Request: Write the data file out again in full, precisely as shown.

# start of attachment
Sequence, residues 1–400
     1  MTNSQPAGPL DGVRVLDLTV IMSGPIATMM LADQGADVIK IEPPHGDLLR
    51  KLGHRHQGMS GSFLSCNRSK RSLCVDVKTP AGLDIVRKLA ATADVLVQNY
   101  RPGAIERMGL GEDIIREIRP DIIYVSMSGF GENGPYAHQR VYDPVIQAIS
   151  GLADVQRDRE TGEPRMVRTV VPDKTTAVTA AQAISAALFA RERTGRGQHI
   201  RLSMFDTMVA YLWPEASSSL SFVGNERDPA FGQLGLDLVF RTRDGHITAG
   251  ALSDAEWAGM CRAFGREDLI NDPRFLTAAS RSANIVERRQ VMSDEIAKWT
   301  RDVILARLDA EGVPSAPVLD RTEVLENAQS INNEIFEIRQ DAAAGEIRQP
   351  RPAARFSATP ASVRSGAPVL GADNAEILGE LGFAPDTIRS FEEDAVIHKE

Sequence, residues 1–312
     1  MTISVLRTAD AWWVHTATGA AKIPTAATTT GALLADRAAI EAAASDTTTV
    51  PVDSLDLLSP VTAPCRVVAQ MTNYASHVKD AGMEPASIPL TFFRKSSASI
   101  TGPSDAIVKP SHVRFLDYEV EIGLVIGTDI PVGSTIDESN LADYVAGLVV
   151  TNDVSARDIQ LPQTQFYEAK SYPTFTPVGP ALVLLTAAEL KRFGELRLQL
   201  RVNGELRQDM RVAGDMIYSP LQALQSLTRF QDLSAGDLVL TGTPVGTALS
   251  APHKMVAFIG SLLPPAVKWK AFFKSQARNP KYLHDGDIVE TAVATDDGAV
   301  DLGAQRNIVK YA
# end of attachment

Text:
Sequence, residues 1–400
     1  MTNSQPAGPL DGVRVLDLTV IMSGPIATMM LADQGADVIK IEPPHGDLLR
    51  KLGHRHQGMS GSFLSCNRSK RSLCVDVKTP AGLDIVRKLA ATADVLVQNY
   101  RPGAIERMGL GEDIIREIRP DIIYVSMSGF GENGPYAHQR VYDPVIQAIS
   151  GLADVQRDRE TGEPRMVRTV VPDKTTAVTA AQAISAALFA RERTGRGQHI
   201  RLSMFDTMVA YLWPEASSSL SFVGNERDPA FGQLGLDLVF RTRDGHITAG
   251  ALSDAEWAGM CRAFGREDLI NDPRFLTAAS RSANIVERRQ VMSDEIAKWT
   301  RDVILARLDA EGVPSAPVLD RTEVLENAQS INNEIFEIRQ DAAAGEIRQP
   351  RPAARFSATP ASVRSGAPVL GADNAEILGE LGFAPDTIRS FEEDAVIHKE

Sequence, residues 1–312
     1  MTISVLRTAD AWWVHTATGA AKIPTAATTT GALLADRAAI EAAASDTTTV
    51  PVDSLDLLSP VTAPCRVVAQ MTNYASHVKD AGMEPASIPL TFFRKSSASI
   101  TGPSDAIVKP SHVRFLDYEV EIGLVIGTDI PVGSTIDESN LADYVAGLVV
   151  TNDVSARDIQ LPQTQFYEAK SYPTFTPVGP ALVLLTAAEL KRFGELRLQL
   201  RVNGELRQDM RVAGDMIYSP LQALQSLTRF QDLSAGDLVL TGTPVGTALS
   251  APHKMVAFIG SLLPPAVKWK AFFKSQARNP KYLHDGDIVE TAVATDDGAV
   301  DLGAQRNIVK YA